16. Eine wesentliche Limitierung von managed Office 2007 Add-Ins ist die Beschränkung auf eine per-User

  17. I have the Create/Delete command pattern down.  And on the surface everything works.   But I notice several problems:  ( this is a VSTO 2008 .vsto not VSTO 2005 .manifest )

    1) The first time a user starts word it asks them if the want to install the add-in.  If they click yes everything is fine.  If they click no, they are never asked again.   The only way to get it to ask them again is tweak the HKLM Count value to cause it to be repropagated to HKCU for Winword to see again.

    2) When they click yes:

    a)  registry entries get created by vstoinstaller in HKCUSoftwareMicrosoftVSTA and VSTO keys.   They are guids and different everything it runs.  I’m not sure what drives this.

    b) an entry is added to add/remove programs for the user. ( undesired )

    3) when I uninstall the application the delete key properly removes the addin the next time word is run but the VSTA, VSTO and Add/Remove resources linger on the machine.

    4) I’ve not tested upgrade scenarios yet.

  18. Joe says:

    Hey Misha,

    That may look irrelevant, but I have a vista machine with OL2007, and I’m installing a VSTO setup for OL2007 and I have serious troubles reading and writing to registry. I’m using pretty much straight forward commands like:

    Registry.SetValue() and Registry.GetValue()

    I event tried Registry.LocalMachine.CreateSubKey() and none seems to be working so I realized that is an issue with vista.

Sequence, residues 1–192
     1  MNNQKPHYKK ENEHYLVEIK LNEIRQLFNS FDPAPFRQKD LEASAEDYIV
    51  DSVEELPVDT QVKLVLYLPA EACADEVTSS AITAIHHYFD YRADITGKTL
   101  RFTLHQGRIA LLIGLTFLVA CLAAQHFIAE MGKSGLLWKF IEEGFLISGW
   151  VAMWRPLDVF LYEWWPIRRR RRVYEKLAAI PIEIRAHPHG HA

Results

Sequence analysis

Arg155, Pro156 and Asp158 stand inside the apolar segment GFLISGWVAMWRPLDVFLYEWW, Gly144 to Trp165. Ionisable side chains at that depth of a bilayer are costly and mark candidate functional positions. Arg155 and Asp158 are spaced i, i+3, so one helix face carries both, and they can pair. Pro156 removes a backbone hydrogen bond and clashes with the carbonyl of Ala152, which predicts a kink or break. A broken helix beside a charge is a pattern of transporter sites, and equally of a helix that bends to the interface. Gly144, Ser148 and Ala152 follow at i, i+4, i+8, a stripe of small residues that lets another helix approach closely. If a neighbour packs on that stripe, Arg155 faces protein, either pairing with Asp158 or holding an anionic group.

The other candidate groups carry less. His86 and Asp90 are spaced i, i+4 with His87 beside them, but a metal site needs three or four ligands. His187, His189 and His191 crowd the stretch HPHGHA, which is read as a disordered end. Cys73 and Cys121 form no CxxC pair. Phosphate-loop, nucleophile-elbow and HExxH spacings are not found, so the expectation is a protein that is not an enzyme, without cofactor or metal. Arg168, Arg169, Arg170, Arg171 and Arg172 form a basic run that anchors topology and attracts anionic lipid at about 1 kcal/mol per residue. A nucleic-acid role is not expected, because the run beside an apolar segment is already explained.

Please let me know what do I have to do with vista machines that runs OL2007?

    Thank you!


  19. Gábor Vas says:

    Cristopher Painter:

    When the manifests are signed with a certificate from the Trusted Publishers certificate store, and that certificate is certified directly or indirectly with a certificate from the Trusted Root Certificate Authorities certificate store, then ClickOnce won’t ask the users for trust.

    Regarding your other problem, with Office 2007 and VSTO 3.0 you can prevent the installation into the ClickOnce cache by appending the |vstolocal suffix to the path of the deployment manifest (at the Manifest registry key). This means that there won’t be any entry in the add/remove programs for the add-in. See the following forum thread for details:

  20. There are many resources to learn about Visual Studio Tools for Office, and they are scattered through

  21. Mohan Kumar K says:

    I have created an addin for Word 2007 using VSTO SE and I am trying to deploy it for All Users. I find your article very useful and it helped me to know what exactly I am missing. But the problem is I am new to .Net & very new to C#.  I couldn’t understand certain things and need your help to figure out.